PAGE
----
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What I want to say is that the church would be your hospital, the holy water would be your medicine, and the priest would be your doctor. But since "would be" seems too overused and redundant in the sentence, I want to say it like this:

"The church would be your hospital, the holy water, your medicine, and the priest, your doctor."

Which commas in the above sentence are redundant and should be removed? I have a similar confusion with the following sentence too:

"Ball comes from the Latin word, bull, which also means a male cow, or, in other words, an ox."

When there are too many commas in a sentence, what rule of thumb must one follow to determine which one to retain and which ones to discard?

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I would punctuate it as:

"The church would be your hospital, the holy water your medicine, and the priest your doctor"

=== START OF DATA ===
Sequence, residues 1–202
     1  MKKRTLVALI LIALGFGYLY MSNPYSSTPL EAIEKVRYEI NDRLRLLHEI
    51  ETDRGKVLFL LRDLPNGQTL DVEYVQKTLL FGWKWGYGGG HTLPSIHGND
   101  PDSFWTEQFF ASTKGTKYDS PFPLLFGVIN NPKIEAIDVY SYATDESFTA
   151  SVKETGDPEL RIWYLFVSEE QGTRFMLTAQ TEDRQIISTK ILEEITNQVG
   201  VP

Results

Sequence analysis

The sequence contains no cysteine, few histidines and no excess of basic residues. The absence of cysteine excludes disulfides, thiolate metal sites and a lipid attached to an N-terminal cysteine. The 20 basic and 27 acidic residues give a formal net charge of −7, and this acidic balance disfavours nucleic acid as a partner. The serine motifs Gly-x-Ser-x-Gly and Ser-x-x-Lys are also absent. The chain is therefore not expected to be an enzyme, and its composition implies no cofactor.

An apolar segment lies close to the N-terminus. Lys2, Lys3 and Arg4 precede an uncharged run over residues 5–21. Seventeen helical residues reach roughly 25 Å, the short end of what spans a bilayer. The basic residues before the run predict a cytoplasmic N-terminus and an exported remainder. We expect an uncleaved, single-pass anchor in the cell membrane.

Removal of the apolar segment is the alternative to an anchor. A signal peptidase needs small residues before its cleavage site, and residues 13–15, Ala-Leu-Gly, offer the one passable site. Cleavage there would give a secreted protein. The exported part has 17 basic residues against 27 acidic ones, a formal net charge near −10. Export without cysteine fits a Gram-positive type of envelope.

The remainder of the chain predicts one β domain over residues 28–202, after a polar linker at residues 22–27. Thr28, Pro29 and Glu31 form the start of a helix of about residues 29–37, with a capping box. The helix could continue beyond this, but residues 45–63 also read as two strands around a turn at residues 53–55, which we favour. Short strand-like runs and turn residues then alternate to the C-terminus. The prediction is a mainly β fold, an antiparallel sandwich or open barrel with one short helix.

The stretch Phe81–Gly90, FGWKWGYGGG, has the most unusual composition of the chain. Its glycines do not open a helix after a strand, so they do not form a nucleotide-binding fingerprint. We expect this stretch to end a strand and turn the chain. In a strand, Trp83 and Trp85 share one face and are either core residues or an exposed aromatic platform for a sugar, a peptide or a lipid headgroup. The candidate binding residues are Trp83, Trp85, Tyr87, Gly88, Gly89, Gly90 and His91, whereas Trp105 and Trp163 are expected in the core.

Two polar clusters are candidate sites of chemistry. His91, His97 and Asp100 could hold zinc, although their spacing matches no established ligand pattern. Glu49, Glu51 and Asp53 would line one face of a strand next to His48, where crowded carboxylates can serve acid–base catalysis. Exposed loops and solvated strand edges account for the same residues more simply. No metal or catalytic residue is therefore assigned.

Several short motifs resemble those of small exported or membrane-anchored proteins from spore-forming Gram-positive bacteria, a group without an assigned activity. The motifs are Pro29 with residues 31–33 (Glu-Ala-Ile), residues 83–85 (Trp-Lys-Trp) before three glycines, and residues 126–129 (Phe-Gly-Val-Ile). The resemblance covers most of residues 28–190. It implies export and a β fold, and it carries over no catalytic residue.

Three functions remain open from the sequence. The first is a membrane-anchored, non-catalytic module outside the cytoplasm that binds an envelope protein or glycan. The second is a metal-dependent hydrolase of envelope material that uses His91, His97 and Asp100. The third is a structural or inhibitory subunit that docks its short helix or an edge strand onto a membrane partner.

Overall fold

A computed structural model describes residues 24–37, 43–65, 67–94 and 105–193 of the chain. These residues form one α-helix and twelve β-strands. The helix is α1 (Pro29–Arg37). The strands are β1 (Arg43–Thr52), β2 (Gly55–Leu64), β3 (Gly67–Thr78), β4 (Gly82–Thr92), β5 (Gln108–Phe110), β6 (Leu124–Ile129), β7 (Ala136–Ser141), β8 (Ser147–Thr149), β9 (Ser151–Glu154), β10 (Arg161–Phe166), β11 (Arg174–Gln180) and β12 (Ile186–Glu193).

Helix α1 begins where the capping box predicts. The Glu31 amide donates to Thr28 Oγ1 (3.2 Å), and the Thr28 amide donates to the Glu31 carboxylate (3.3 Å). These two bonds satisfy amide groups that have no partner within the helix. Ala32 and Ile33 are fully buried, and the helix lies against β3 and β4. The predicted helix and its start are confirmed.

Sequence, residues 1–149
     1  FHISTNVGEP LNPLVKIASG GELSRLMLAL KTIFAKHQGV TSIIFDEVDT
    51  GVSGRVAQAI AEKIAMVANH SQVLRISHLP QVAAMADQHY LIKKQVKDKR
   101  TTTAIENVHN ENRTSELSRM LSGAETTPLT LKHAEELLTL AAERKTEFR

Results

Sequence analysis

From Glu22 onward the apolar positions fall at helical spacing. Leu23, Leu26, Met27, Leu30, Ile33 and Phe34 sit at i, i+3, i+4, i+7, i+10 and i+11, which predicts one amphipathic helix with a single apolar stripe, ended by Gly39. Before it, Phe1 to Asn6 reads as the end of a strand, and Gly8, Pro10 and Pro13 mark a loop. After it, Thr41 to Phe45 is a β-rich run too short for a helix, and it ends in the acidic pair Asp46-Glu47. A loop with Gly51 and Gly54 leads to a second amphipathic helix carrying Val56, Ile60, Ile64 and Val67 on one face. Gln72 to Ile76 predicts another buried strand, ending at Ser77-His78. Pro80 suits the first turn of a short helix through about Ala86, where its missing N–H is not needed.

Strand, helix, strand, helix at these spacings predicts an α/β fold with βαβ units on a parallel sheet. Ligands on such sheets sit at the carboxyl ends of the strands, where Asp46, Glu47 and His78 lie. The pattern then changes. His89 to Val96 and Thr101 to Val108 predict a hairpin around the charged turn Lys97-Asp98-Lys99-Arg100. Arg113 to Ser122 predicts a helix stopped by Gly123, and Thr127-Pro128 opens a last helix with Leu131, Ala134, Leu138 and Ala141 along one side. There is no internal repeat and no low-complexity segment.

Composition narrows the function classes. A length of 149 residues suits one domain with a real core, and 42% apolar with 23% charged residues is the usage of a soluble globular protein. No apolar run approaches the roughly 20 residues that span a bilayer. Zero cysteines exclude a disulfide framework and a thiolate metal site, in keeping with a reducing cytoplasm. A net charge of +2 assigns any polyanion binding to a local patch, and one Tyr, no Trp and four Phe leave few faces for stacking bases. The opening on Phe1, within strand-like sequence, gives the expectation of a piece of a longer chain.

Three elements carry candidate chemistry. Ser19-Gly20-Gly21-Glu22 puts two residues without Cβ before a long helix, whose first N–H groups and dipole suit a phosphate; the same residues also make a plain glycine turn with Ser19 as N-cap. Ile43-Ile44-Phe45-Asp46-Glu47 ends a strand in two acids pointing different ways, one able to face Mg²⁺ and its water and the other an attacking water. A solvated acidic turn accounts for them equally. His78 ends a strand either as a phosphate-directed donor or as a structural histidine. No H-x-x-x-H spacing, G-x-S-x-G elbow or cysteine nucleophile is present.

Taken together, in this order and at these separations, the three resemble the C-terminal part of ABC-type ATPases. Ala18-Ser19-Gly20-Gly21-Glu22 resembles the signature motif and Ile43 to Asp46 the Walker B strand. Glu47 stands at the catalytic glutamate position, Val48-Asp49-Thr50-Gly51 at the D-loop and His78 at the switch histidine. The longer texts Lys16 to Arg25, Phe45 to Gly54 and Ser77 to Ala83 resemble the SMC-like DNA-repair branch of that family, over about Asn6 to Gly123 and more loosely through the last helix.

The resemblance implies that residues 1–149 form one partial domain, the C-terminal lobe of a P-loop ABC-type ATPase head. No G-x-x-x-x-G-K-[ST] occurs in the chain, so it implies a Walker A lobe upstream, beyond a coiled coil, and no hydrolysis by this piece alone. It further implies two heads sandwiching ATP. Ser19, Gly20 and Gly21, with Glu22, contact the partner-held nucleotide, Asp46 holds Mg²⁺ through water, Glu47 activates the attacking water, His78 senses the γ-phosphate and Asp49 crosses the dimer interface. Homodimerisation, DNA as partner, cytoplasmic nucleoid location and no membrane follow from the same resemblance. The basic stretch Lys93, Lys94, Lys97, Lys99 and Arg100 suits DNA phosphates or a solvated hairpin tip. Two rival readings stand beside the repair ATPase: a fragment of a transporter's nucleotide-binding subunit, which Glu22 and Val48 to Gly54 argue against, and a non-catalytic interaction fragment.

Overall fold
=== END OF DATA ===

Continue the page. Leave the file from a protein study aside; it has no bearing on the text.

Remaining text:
on the basis that the commas are then separating items in a list.

To be frank though, I think the option you rejected ("The church would be your hospital, the holy water would be your medicine, and the priest would be your doctor.") sounds a lot nicer with the paralleled 'would be'. Think of the famous "We shall fight on the beaches, we shall fight on the landing grounds, we shall fight in the fields and in the streets" with its repeated 'we shall fight', and how lame it would sound as "We shall fight on the beaches, on the landing grounds, in the fields, and in the streets" to avoid repetition.

Your second sentence does have too many commas. For this one I would go with:

"Ball comes from the Latin word bull, which also means a male cow or, in other words, an ox."

I do it this way so that the stand-alone phrase 'ball comes from the Latin word bull' is uninterrupted, and the the following clause is separated by a comma. Then separate out 'in other words' as a parenthetical statement.

Rule of thunb? Punctuation is as much art as science, but keeping it to a minimum is a good guideline. If you look at the sentence and think there are too may commas, there probably are.

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